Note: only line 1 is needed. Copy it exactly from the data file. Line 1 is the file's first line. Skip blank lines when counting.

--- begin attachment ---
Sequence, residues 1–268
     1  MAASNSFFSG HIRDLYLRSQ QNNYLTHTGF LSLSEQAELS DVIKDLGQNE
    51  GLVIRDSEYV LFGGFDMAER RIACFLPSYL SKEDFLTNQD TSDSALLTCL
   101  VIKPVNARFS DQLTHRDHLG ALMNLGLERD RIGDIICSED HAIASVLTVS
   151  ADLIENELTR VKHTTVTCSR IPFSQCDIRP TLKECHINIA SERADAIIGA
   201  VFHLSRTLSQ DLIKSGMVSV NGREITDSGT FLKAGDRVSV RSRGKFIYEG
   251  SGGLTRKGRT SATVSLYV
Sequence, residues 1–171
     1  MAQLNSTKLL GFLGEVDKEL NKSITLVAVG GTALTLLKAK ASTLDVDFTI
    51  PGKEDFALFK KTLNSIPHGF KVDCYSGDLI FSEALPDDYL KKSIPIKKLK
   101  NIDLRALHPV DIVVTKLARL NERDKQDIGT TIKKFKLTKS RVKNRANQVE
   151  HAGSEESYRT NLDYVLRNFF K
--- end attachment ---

Sequence, residues 1–268